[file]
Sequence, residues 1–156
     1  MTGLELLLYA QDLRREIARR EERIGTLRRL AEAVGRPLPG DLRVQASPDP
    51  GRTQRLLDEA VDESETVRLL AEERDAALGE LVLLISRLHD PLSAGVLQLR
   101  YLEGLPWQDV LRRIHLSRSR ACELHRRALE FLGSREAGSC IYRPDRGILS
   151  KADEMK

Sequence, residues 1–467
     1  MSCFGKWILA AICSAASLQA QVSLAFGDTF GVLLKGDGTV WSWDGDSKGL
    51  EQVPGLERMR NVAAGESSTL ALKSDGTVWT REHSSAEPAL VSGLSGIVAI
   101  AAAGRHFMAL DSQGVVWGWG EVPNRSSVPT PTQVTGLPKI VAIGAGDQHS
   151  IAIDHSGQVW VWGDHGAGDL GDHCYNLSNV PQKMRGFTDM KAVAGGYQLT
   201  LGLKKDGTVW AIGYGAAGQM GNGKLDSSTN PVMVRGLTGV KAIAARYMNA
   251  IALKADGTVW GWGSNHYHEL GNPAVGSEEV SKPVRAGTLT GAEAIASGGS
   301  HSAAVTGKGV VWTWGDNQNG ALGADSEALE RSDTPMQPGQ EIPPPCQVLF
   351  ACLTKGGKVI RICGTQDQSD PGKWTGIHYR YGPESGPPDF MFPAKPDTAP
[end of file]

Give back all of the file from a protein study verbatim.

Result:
Sequence, residues 1–156
     1  MTGLELLLYA QDLRREIARR EERIGTLRRL AEAVGRPLPG DLRVQASPDP
    51  GRTQRLLDEA VDESETVRLL AEERDAALGE LVLLISRLHD PLSAGVLQLR
   101  YLEGLPWQDV LRRIHLSRSR ACELHRRALE FLGSREAGSC IYRPDRGILS
   151  KADEMK

Sequence, residues 1–467
     1  MSCFGKWILA AICSAASLQA QVSLAFGDTF GVLLKGDGTV WSWDGDSKGL
    51  EQVPGLERMR NVAAGESSTL ALKSDGTVWT REHSSAEPAL VSGLSGIVAI
   101  AAAGRHFMAL DSQGVVWGWG EVPNRSSVPT PTQVTGLPKI VAIGAGDQHS
   151  IAIDHSGQVW VWGDHGAGDL GDHCYNLSNV PQKMRGFTDM KAVAGGYQLT
   201  LGLKKDGTVW AIGYGAAGQM GNGKLDSSTN PVMVRGLTGV KAIAARYMNA
   251  IALKADGTVW GWGSNHYHEL GNPAVGSEEV SKPVRAGTLT GAEAIASGGS
   301  HSAAVTGKGV VWTWGDNQNG ALGADSEALE RSDTPMQPGQ EIPPPCQVLF
   351  ACLTKGGKVI RICGTQDQSD PGKWTGIHYR YGPESGPPDF MFPAKPDTAP